Saturday, 3 July 2010

Designer water...Portobello style

The London Festival of Architecture may have passed you by, but there have been all manner of events going on in London over the past couple of weeks. One of the most memorable was hosted by Tom Dixon, who held a discussion dinner in conjunction with Blueprint Magazine at his new Dock Kitchen restaurant in Ladbroke Grove (the Kilburn end).

The theme of the talk was Water Works – A discussion of the influence of water on Britain’s architectural landscape – with speakers that included Nick Johnson of Urban Splash and Keith Brownlie of Wilkinson Eyre.

Gwyn Miles showed how the addition of a floodlit water feature, with choreographed fountains, has transformed the courtyard - formerly the Inland Revenue’s car park - of Somerset House (where she is Director) into a space that’s refreshingly serene by day and magical to observe at night.

Of course, Tom Dixon’s own studio is also on the water at Portobello Dock, along with his newly opened restaurant. And, curiously enough, the acclaimed young ex-River Café chef, Stevie Parle, also lives on a houseboat on the River Thames a couple of miles away.

The kitchen’s fare was suitably water sourced, with crisply succulent deep fried samphire as an appetizer - eaten outdoors on a perfect Summer’s evening with arty, architectural types.

Round and about was also evidence of all sorts of eco-friendly activity – everything from organic grow bags to a bamboo bicycle.

Some be-suited city folk, arriving straight from a hard day’s work in the office, chose to hide behind their menus.

Our starter of crayfish from the River Avon cooked in crazy water, looked mouthwateringly beautiful, but turned out to be the seafood equivalent of quail.

As we fiddled about searching in vain for something meaty to get our teeth into, I began to understand why the restaurant was so popular with the celebrity model set (apparently Eva Herzigova had dined here earlier in the day).

Next up was trout from the River Wye, which melted in the mouth, even though it was barely cooked. The assembled crowd wolfed it down – must have something to do with creatively open minds having an unsqueamish sense of adventure - or perhaps it’s just that lovers of contemporary design have great taste in everything?

The accompanying side dish was something called ‘freekeh’ – which, despite the freaky name, was utterly divine. The tart that followed was pretty delicious too, with Provencal cherries to die for (possibly the only ingredient that wasn’t from our shores).

The meal was nicely washed down with specially filtered water, along with popular favourites from the winelist. Needless to say, Tom is working on an inventive new purification system involving charcoal.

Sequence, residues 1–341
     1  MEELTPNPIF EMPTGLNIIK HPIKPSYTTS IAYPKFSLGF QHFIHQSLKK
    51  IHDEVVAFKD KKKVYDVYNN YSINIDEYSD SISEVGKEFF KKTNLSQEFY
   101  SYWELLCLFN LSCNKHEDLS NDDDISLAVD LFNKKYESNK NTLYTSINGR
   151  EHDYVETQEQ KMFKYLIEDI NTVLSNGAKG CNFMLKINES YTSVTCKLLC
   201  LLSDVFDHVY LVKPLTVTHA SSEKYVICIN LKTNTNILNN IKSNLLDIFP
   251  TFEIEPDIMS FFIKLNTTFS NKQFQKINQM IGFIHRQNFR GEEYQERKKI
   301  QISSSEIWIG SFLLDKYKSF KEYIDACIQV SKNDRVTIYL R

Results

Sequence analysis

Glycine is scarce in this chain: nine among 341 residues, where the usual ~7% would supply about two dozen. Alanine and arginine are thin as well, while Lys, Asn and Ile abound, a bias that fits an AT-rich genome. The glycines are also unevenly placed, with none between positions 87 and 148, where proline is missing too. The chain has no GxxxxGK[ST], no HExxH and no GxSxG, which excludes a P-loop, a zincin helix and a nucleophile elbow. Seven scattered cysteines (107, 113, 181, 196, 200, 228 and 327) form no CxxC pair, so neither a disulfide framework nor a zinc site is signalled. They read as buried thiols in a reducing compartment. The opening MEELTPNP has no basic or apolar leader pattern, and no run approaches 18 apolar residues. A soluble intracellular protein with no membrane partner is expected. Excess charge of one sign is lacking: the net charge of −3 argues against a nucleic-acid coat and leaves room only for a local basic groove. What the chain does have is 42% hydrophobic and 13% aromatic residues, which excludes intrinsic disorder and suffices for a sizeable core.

As night drew in, Tom’s famous lamps began to glow and unusual lighting effects began to trickle out across the canal.

I began to wish I’d worn a glow-in-the-dark goldfish necklace from ShopCurious.

I was also thinking that I could easily get used to the naturally calming effect of a waterside lifestyle – which is just as well, since I already live by the river.

Do you?


Jan said...

It's a festival that has passed me by - but thanks for sharing.
That looked like an event worth attending.
Really, too too much going on at present!

Profoundly Superficial said...

The food looks absolutely mouth-watering!!! You lucky thing for being there. Is the gentleman behind the menu Mister ShopCurious?

Jill said...

I've never heard of "freekah"...I'm curious.

Susan said...

Agree Jan, it's a crazy time of year..

So Annie, you're curious about Mister ShopCurious - Are you?

Jill, I hadn't heard of it either. Quite a simple dish, but what a curiously cool name and rather ancient and exotic origins too - trust you to be curious!

Leah said...

The food look so so good! Yum!

Style Porn said...

Ahaa! The glow in the dark goldfish necklace is so cool! How could you NOT have worn it to this event? At any rate, the food looks fantastic.

worm said...

great report! Its strange what an effect that living next to water has on people! Why does it lift our spirits - even if the water involved is a stretch of brown canal?

ps. the freekeh looks great - smoke toasted cracked wheat - I need to try me some!!!

pps. agree on the crayfish - too much crust and not enough acean.

atelier said...

really interesting article. I am currently doing a travel magazine for my final project and I'd like to do an architecture review of London, do you know any cool architects you could recommend me to look at? or maybe interview? thanks a lot!

Susan said...

Atelier, I would start by googling architecture blogs. There are also online directories of blogs by architects - you can see which are based in London and perhaps check out their work/style at the same time.

Boreal Water said...

Water seems to be at the center of everything the article. Keep it up!